In 1984, the film This is Spinal Tap was released. Presented as a documentary, it followed pedestrian rock group Spinal Tap as it struggled to regain its fan base while on tour and release its new album with minimal support from their record company. It was in fact a “mockumentary”; it was presented as reality but was simply a satirical take on rock n’ roll and all of its casualties.

For those unaware that it wasn’t real (understandable given how well the actors did their jobs), the film was a confusing, neutral kind of experience.

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John Stuart Mill and the “Books of Hate”

It was recently reported that the Attorney-General is seeking to ban books that glorify “suicide bombing, jihad and anti-Australian conspiracies”. The books in question were found at a Sydney Islamic bookshop by one of the newspapers and investigated by the Australian Federal Police (AFP) to determine whether the books contravened some laws. Their assessment was that the books did not break the law; a decision which has prompted the Attorney-General to look at changing the laws to ensure that such books are banned.

One of the books — and the book which seems to have most irked the government — is the book, In Defence of Muslim Lands by Sheikh Abdullah Azzam. The book apparently carries an introduction from Osama Bin Laden. That the book was written in the 1980s, with the tacit approval of the West, to encourage young Muslims to travel to Afghanistan to fight the communists has yet to be mentioned. As has the fact that the book simply cites a series of earlier religious edicts, many of which relate to the Tatar invasion of Baghdad several centuries ago, and reach the less than staggering conclusion that when a Muslim country is attacked, Muslims should rise to the defence of their country. The problem, it seems, is that the late Sheikh Abdullah Azzam didn’t limit his ruling to those countries where the United States believed it was politically expedient to promote jihad but left it rather open; open enough to include countries such as Iraq or contemporary Afghanistan in its scope.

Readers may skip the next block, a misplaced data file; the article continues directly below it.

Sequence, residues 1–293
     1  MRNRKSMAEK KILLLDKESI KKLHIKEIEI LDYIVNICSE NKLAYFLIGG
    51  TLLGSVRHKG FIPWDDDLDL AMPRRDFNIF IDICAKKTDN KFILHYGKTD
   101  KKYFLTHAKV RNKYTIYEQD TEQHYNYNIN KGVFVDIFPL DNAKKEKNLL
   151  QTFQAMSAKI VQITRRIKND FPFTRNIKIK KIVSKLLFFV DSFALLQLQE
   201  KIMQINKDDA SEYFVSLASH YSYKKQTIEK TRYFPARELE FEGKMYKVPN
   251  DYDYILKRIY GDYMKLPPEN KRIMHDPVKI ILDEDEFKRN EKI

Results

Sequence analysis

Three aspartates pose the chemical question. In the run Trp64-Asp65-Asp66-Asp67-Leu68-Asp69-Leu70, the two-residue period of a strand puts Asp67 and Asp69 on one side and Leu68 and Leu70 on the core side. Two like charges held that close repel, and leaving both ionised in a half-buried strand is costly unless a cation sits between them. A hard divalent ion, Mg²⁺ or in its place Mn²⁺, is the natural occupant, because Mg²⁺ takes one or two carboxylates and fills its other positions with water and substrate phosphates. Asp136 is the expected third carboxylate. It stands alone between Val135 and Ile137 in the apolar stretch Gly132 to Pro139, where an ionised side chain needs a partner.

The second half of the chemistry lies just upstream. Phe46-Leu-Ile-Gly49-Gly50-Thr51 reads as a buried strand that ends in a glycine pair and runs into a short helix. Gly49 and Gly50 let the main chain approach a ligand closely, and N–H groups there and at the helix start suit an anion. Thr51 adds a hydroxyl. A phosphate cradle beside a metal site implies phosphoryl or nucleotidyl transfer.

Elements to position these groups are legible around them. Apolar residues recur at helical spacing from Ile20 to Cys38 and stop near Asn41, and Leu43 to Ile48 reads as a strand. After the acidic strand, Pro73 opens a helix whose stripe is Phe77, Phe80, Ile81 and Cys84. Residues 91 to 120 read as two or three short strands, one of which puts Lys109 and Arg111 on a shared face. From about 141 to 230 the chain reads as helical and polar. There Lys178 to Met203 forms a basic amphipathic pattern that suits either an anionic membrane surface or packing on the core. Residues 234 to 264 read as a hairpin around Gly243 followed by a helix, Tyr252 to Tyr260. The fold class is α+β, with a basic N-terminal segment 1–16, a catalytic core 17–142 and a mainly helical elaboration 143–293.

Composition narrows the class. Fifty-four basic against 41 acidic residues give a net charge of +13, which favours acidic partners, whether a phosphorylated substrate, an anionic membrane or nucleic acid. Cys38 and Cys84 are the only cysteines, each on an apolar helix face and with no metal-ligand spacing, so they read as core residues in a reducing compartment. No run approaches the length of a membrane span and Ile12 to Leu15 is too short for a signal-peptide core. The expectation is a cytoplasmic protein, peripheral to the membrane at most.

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Measuring Racism in Sydney’s Suburbs

Radar, one of the Sydney Morning Herald’s stable of blogs, carried out an interesting experiment recently. The author decided to dress as a Muslim woman and, accompanied by two Muslim ladies:

…venture into a socially conservative area of Sydney dressed in cloaks and hijabs. Deep within the heart of whiteness, we will record the reactions to our presence.

In other words, the author wanted to test what has become almost an article for faith for some Australian Muslims: that society, particularly its more “socially conservative” and affluent sections, are intrinsically racist and irremeedably opposed to us. In this case, the author and her two friends settled on the Sydney suburb of Chatswood as the perfect testing ground for the theory.

Whilst one can’t doubt the good intentions of the author, there are a number of very serious problems with this approach.

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How much Islam in Australian Islamic schools? part 2

This series of essays is not meant to be a witch-hunt against a school. We have enough professional scurrilous rumour-mongerers in our community, without an amateur lending assistance. I am not concerned with the quality of ice creams in the school canteen nor the he said/she said gossip mill, but rather whether our whole approach to religious education is correct.

Like all discussions on Islam the only good starting point in the sunnah of the man we claim to follow: Muhammad the prophet of Allah, may Allah bless him. For a transmission of deen there needs to be:

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Democracy, Secularism and Muslim Misconceptions

Any favourable mention of ‘democracy’ in an Islamic setting will invariably provoke an outraged response from some Muslims. “Democracy is shirk (polytheism) because it replaces the laws of Allah with man-made laws,” will be the essential argument. Ergo, any Muslim who suggests that the absence of democracy in the Muslim lands is a bad thing is therefore, in the minds of these Muslims, advocating the wholesale replacement of the shariah with a law that gives ascendency to the ‘laws of man’.

The typical knee-jerk opposition to the concept of ‘democracy’ is, in reality, born from a misunderstanding as to the meaning of the word rather than a real ideological opposition to it. This is because when a person says or writes ‘democracy’, many Muslims hear or read ’secularism’. These are two very different concepts and, despite what some may say, one does not necessarily imply the other.